V2: { N6 , N7 , N8 , N5 , N2 , N1 , N9 , N4 , N0 , N3 }
```

The vertex *N6* has been removed in both sets *V0* and *V1* thanks to the observation mechanism. *V1* is a subset of *V0*, /i.e./ *V1* observes *V0*. If this time we remove an element from *V1*, only *V1* will be affected:

```Iterator itV1 = V1.iterator();
V1.remove((Vertex)itV1.next());
System.out.println();
System.out.println("V0: "+V0);
System.out.println("V1: "+V1);
System.out.println("V2: "+V2);
```

The output is, this time,

```V0: { N7 , N8 , N5 , N2 , N1 , N9 , N4 , N0 , N3 }
V1: { N8 , N5 , N2 , N1 , N9 , N4 , N0 , N3 }
V2: { N6 , N7 , N8 , N5 , N2 , N1 , N9 , N4 , N0 , N3 }
```

And finally, if we remove an edge from *V2*, as it is independant from the other sets, it will be the only one affected:

```Iterator itV2 = V2.iterator();
V2.remove((Vertex)itV2.next());
System.out.println();
System.out.println("V0: "+V0);
System.out.println("V1: "+V1);
System.out.println("V2: "+V2);
```

And naturally, as expected, the output is,

```V0: { N7 , N8 , N5 , N2 , N1 , N9 , N4 , N0 , N3 }
V1: { N8 , N5 , N2 , N1 , N9 , N4 , N0 , N3 }
V2: { N7 , N8 , N5 , N2 , N1 , N9 , N4 , N0 , N3 }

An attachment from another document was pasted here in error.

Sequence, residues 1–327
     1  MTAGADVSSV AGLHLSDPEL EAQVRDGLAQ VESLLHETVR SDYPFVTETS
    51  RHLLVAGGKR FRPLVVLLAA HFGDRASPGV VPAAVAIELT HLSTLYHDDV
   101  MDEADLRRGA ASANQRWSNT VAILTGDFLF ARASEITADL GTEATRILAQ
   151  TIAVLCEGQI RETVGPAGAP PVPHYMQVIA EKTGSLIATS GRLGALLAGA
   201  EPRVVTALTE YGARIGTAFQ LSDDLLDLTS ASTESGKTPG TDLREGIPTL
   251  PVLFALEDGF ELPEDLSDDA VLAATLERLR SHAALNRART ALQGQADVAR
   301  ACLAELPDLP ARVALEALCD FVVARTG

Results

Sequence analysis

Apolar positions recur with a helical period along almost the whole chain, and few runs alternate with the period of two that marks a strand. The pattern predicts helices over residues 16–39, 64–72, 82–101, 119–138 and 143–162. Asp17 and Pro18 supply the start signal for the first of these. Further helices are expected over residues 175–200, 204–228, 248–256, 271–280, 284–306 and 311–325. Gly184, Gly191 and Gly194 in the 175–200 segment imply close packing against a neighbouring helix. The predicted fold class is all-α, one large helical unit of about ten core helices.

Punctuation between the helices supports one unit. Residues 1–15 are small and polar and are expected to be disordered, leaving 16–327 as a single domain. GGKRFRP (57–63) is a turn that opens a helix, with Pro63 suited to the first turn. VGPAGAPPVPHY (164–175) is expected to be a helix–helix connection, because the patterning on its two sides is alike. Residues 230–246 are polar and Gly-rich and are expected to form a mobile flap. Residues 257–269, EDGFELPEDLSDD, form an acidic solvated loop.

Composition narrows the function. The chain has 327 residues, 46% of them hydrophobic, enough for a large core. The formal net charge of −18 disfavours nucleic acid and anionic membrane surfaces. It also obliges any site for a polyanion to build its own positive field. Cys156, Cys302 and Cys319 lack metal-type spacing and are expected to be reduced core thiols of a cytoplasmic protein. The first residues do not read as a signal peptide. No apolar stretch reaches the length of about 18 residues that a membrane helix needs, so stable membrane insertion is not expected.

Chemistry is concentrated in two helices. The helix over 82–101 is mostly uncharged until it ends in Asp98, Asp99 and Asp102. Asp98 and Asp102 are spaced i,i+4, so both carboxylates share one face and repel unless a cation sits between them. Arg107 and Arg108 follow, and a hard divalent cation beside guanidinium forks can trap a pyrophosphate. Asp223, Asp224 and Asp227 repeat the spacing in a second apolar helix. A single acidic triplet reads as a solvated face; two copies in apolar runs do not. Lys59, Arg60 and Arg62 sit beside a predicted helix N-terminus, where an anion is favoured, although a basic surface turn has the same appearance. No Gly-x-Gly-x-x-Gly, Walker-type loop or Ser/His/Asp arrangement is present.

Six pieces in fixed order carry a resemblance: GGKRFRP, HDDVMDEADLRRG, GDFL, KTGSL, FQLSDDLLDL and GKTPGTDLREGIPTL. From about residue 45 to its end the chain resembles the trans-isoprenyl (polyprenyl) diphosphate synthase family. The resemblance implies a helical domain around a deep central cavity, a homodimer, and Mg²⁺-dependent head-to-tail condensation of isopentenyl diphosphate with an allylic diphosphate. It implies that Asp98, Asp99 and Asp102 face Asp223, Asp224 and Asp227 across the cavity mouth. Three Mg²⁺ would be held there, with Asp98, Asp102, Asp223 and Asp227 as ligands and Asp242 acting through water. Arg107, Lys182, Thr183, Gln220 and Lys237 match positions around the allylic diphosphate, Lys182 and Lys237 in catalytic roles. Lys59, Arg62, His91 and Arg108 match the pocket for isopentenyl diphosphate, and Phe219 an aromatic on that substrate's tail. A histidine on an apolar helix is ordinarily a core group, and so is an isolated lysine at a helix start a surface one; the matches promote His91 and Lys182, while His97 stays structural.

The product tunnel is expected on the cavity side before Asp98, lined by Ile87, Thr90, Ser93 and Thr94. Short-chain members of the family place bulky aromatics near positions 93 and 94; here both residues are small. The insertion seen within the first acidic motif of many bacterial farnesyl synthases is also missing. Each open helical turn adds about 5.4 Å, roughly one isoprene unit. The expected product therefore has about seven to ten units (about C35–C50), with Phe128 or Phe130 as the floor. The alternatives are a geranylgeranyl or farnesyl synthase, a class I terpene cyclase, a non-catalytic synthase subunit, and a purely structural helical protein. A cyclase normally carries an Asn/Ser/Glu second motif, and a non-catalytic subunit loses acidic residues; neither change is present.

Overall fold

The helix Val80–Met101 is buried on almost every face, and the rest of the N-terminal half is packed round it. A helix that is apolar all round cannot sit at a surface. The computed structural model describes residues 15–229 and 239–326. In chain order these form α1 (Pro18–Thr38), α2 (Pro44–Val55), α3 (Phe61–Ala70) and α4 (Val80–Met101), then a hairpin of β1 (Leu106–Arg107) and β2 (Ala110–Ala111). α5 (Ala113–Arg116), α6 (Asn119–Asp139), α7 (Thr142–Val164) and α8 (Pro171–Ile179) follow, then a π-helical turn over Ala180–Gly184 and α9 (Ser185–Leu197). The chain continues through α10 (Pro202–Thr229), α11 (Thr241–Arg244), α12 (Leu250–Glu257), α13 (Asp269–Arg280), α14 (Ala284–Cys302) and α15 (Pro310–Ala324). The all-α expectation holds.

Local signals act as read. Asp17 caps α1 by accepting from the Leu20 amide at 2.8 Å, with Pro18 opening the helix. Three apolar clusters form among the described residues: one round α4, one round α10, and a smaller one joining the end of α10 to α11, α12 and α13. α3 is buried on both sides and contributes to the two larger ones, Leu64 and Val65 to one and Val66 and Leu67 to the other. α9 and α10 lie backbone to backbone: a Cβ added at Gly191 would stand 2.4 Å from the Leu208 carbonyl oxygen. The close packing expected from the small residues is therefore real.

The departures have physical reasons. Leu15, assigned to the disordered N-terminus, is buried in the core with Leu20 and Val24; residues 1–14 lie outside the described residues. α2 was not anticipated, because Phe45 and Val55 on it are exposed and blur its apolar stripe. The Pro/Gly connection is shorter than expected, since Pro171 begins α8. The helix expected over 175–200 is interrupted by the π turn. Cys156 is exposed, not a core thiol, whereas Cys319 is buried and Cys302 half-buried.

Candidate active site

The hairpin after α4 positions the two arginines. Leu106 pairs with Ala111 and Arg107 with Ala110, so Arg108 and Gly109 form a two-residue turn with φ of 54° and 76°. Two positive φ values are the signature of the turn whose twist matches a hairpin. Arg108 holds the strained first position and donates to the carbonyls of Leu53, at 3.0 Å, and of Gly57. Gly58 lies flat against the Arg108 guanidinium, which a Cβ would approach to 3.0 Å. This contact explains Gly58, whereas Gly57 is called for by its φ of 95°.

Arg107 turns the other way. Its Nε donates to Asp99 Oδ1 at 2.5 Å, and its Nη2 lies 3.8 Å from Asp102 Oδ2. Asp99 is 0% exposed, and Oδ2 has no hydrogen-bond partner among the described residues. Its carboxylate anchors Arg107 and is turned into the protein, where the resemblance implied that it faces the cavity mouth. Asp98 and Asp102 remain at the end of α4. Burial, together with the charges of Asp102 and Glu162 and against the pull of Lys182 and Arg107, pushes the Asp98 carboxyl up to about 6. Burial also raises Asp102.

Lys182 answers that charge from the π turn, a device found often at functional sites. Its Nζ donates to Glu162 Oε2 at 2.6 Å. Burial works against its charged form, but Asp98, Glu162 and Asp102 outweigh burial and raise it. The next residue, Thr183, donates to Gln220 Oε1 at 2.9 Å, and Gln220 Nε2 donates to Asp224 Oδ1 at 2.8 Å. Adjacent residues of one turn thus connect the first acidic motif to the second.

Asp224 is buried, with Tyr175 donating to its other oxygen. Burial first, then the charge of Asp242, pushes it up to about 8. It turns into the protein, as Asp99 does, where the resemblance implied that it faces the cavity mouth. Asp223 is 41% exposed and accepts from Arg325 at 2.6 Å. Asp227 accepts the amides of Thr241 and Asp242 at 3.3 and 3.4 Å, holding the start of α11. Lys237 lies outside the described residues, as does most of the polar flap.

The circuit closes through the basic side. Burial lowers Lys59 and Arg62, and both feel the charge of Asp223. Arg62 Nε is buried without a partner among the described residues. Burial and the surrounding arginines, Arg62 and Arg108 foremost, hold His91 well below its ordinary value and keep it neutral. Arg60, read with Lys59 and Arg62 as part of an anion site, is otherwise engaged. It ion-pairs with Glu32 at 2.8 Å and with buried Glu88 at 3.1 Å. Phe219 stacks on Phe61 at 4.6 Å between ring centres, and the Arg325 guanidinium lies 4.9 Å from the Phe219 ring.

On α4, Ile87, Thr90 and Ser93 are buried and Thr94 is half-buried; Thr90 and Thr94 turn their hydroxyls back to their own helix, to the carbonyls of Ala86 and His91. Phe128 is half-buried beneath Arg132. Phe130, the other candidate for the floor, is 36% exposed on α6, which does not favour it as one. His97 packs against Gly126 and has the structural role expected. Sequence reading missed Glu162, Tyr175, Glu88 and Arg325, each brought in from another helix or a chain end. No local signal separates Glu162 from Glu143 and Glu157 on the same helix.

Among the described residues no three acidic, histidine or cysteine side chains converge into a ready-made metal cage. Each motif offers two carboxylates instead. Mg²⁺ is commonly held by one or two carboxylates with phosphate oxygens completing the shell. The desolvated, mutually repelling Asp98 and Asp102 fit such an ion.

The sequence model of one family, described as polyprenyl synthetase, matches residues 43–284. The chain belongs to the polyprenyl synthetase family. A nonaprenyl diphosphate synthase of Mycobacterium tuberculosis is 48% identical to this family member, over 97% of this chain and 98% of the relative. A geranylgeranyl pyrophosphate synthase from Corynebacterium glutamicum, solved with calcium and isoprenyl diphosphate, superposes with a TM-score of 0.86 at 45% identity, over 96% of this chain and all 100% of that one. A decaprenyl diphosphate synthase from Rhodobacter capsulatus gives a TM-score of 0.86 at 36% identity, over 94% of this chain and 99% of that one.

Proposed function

```

This time we are creating some vertices and we want to add them in our already existing sets. This operation is really easy to perform for the sets *V0* and *V2*, first we create the vertices,

```Vertex newVertex1 = new Vertex(Math.random(),Math.random());
Vertex newVertex2 = new Vertex(Math.random(),Math.random());
```

```V0.add(newVertex1);
System.out.println();
System.out.println("V0: "+V0);
System.out.println("V1: "+V1);
System.out.println("V2: "+V2);
```

and we get as an output,

```V0: { N7 , N8 , N5 , N2 , N1 , N9 , N4 , N10 , N0 , N3 }
V1: { N8 , N5 , N2 , N1 , N9 , N4 , N0 , N3 }
V2: { N7 , N11 , N8 , N5 , N2 , N1 , N9 , N4 , N0 , N3 }
```

But, as *V1* is a subset of *V0* and mascopt guaranties that it will remain so, you can't add anything, only elements already present in *V0*,

```V1.add(newVertex1);
System.out.println();
System.out.println("V0: "+V0);
System.out.println("V1: "+V1);
System.out.println("V2: "+V2);
```

gives the following output,

```V0: { N7 , N8 , N5 , N2 , N1 , N9 , N4 , N10 , N0 , N3 }
V1: { N8 , N5 , N2 , N1 , N9 , N4 , N10 , N0 , N3 }
V2: { N7 , N11 , N8 , N5 , N2 , N1 , N9 , N4 , N0 , N3 }
```

### Last remarks

• In order to create the set *V2* we could have created a new set and have placed the vertices in it ourselves but the result would have been exactly the same.
• You may have remarked that in order to traverse the sets we use an object called *Iterator*. This is made possible thanks to the internal use of an *HashSet* to store the elements and it is particularly interesting for two main reasons,
• the loop is very easy to write
• if an element appears or disappears from the set, an old *Iterator* is no more usable and automatically points to *null*, thus indicating a change

## Sample

The above program can be found in MascoptDev: samples/basics/SetsUse.java. To test it, just do:

```java SetsUse
```